etymology of hoppas

Alan Hartley ahartley at D.UMN.EDU
Thu Jan 29 18:38:55 UTC 2004

Has anyone run across the word hoppas/hoppis/hoppus? It's a a sort of
backpack and is cited in Mathew's Dict. of Americansms from 1803-26.
It's always in Indian or frontier contexts, so it might have a native
etymon. It might also be a variant of the English word hopper, a
receptacle carried on the back, used to carry seed for sowing, et al. A
nonrhotic variant is credible, but why the final -s? Its persistence is
a problem: one would expect at least occasionally forms like *hoppa or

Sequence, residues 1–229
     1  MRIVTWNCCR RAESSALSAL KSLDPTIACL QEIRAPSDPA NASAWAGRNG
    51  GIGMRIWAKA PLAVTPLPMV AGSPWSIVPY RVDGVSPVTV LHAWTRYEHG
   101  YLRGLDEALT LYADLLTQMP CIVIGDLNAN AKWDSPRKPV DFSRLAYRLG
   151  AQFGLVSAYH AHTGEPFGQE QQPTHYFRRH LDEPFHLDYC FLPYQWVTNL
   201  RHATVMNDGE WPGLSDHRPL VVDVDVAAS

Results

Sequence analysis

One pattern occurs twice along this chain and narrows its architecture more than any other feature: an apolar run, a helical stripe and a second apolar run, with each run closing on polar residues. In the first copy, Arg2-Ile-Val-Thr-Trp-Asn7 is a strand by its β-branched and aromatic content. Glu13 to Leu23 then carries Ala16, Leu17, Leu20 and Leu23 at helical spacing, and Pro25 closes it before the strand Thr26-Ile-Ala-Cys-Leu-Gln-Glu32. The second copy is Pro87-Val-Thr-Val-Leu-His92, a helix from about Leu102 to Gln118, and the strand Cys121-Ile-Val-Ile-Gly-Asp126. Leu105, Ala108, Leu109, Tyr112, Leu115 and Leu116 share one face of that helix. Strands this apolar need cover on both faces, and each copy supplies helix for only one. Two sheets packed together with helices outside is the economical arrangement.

*hoppe for r-less hopper, but they aren't given in dictionaries. Hoppas
occurs in 1791 in Amer. State Papers vol. IV (Indian Affairs vol. I)
(1832) p. 151 "You are just now rising from your seats, with your backs
bent, bearing your loaded hoppas." The Iroquois speaker here (in
translation) is apparently using the word in the plural, so it seems it
might be an r-less 'hopper'.

In the Lewis and Clark journals (vol. 4, p. 250), Meriwether Lewis
writes "I had now my sack and blanket happerst in readiness to swing on
my back". I take this to be a spelling of 'hoppused', meaning 'trussed
up or slung like a backpack'. (Happer is a Scots dial. var. of hopper.)
Again, though, if the word is really hopper, why doesn't Lewis write
'hoppered' or something similar?

I'd appreciate any etymological suggestions or further examples of the word.


Alan H. Hartley

More information about the Ads-l mailing list